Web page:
Board debates management of post-retirement health care fundsMembers of the Cloquet School Board heard from five different financial management companies at their July 9 meeting – all vying to administer the district’s Other Post-Employment Benefits (OPEB) trust.
By: Jeff Papas, Pine Journal
Members of the Cloquet School Board heard from five different financial management companies at their July 9 meeting – all vying to administer the district’s Other Post-Employment Benefits (OPEB) trust.
That trust, which is designed to pay for post-retirement health care costs for certain employees, was funded by a bond sale and contains just over $6 million. The trust is separate from the district’s general fund and must remain so by state law.
However, the current low-interest rate environment for fixed-rate investments has prompted the district to explore the possibility of utilizing a different fund manager.
Earlier this spring, the board voted to open the interview process to all interested and qualified parties. On Monday, the board heard from five different companies:
- Split Rock Private Trading and Wealth Management of Cloquet, Duluth and Virginia
- Ameriprise Financial of Cloquet and Minneapolis
- Wells Fargo of Minneapolis
- PFM Financial Management of Philadelphia
- PMA Financial Network of Naperville, Ill., which currently manages the district OPEB fund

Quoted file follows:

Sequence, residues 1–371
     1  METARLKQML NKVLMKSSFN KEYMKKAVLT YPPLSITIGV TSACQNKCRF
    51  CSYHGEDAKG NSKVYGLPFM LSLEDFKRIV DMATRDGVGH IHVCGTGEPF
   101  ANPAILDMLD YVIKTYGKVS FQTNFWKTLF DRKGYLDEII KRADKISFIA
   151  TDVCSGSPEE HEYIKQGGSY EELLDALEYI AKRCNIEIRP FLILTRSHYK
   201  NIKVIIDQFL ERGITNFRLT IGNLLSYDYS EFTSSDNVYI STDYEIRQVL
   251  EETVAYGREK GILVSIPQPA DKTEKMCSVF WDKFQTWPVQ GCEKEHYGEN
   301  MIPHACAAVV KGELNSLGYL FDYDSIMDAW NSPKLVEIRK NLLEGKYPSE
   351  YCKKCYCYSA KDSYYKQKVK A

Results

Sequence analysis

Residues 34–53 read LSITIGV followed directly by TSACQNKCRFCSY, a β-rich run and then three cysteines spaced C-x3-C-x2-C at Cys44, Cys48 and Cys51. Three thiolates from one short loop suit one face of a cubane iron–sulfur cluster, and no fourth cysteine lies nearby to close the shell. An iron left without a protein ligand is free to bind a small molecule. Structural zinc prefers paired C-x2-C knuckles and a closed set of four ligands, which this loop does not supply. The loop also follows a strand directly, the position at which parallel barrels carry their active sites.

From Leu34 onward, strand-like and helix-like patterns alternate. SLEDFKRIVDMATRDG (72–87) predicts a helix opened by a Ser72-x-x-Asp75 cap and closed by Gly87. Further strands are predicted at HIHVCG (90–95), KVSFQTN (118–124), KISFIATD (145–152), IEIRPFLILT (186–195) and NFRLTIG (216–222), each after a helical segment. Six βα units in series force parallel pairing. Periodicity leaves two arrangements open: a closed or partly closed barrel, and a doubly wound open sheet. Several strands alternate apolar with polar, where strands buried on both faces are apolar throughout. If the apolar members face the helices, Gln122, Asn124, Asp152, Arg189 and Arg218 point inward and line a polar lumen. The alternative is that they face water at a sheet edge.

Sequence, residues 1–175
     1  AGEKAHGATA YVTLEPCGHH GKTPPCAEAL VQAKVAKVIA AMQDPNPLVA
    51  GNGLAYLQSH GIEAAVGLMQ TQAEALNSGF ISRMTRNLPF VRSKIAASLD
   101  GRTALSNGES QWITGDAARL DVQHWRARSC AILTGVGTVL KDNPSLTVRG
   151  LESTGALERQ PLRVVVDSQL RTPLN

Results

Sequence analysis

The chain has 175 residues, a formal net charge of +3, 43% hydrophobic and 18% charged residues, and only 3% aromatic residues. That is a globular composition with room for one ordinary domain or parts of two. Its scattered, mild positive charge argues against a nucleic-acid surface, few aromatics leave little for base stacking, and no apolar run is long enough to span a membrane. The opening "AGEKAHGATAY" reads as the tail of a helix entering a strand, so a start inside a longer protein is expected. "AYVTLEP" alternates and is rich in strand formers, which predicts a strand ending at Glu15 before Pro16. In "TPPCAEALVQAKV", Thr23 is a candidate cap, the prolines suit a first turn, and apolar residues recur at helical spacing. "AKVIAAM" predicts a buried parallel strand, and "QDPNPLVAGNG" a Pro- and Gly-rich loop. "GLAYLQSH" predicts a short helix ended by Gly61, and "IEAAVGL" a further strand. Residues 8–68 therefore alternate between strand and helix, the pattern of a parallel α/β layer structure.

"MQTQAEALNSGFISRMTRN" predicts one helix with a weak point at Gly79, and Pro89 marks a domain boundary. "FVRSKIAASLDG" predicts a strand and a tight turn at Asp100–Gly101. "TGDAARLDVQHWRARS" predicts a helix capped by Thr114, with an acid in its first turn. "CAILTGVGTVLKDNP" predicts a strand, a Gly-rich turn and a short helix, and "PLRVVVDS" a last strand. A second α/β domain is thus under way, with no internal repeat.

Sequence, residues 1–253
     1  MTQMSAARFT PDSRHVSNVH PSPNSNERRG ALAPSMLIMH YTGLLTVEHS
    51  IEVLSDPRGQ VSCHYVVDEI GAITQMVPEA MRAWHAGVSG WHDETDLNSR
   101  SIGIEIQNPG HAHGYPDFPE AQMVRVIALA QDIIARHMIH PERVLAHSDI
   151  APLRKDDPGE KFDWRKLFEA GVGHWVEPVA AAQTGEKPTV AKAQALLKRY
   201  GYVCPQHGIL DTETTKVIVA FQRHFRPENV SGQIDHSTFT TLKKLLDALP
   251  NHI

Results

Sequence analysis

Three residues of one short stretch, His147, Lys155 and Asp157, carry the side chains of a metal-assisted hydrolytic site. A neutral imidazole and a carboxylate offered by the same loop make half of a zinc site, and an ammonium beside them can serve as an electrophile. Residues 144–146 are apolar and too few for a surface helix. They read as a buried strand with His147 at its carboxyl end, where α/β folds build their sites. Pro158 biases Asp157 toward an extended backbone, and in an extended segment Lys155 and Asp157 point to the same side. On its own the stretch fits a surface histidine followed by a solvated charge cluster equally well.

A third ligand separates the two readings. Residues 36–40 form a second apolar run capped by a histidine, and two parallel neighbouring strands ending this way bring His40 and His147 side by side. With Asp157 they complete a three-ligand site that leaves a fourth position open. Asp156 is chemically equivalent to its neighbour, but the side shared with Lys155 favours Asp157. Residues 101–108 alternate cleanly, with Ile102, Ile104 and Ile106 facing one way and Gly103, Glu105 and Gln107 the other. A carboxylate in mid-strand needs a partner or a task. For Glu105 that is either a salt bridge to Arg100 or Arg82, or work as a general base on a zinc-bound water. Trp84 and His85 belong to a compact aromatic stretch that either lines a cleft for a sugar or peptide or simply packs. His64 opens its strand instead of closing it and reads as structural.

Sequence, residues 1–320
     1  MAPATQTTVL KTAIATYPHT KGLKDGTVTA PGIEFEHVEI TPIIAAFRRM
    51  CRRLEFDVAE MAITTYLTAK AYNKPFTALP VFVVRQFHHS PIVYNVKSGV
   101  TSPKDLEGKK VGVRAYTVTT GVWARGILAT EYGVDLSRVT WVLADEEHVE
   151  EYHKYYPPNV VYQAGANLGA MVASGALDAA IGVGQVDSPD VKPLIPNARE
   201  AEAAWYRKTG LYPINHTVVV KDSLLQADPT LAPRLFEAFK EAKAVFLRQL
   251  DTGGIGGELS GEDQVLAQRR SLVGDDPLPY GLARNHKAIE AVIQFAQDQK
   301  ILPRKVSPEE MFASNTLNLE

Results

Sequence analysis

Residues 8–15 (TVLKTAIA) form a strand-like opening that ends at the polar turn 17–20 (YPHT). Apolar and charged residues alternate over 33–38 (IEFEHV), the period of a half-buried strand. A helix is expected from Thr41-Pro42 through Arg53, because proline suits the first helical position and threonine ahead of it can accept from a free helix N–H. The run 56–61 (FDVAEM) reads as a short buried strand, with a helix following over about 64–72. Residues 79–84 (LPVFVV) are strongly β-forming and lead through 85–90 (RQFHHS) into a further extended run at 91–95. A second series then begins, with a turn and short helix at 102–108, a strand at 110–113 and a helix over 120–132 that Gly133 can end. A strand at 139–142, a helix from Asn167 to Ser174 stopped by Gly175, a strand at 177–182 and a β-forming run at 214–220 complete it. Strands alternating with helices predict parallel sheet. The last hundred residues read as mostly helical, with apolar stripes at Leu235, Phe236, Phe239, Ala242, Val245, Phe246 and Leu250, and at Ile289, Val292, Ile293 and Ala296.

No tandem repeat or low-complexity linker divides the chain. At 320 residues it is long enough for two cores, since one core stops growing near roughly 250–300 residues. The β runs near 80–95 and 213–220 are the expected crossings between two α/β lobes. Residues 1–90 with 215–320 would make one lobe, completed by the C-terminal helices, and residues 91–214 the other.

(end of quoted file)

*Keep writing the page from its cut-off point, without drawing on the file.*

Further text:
Of the firms, the first two have no OPEB clients and PFM had previously made a presentation to the board.
Discussion ranged around the anticipated life of the fund – which is expected to be exhausted between 2024 and 2026 given various potential levels of expenditure – and how to best extend the life of that fund.
Presenters agreed that most school districts who have chosen a trust option to fund post-retirement benefits are highly risk-averse, a philosophy that was also noted at Monday’s meeting.
“We can’t lose any of this money (due to investment loss),” board member Duane Buytaert said. “That means it needs to be in fixed investments since we are dealing with public money.”
Board Chair Gary Huard said a vote on the issue will likely come at the board’s next meeting on Aug. 13.
In other board news, Superintendent Ken Scarbrough said discussions are under way to relocate the Kids’ Corner program after the board recently voted to fill Washington Elementary by adding an additional first-grade section. The filling of the building with classrooms will force the program to move.
Scarbrough said initial discussions were held with Queen of Peace School in Cloquet to house the program but the school had turned down the district’s proposal. Discussions are ongoing with another Cloquet group to house the program but Scarbrough would not confirm the name due to that group’s board not being fully aware of the details at press time.
Also, Cloquet Middle School Principal Tom Brenner reported to the board regarding damage to the school suffered during the July 3 storms.
Brenner said lightning knocked out the school’s air conditioning unit, which eventually forced its computer servers to shut down.
Due to building staff not being available over the holiday, Brenner discovered the issue when reporting back to work after the holiday. The servers, which are cooled by the air conditioning unit, shut themselves down automatically when the temperature rose so no damage was done to the units.
However, Brenner estimated a temperature of approximately 130 degrees existed inside the room when it was opened to outside air. The server is working normally.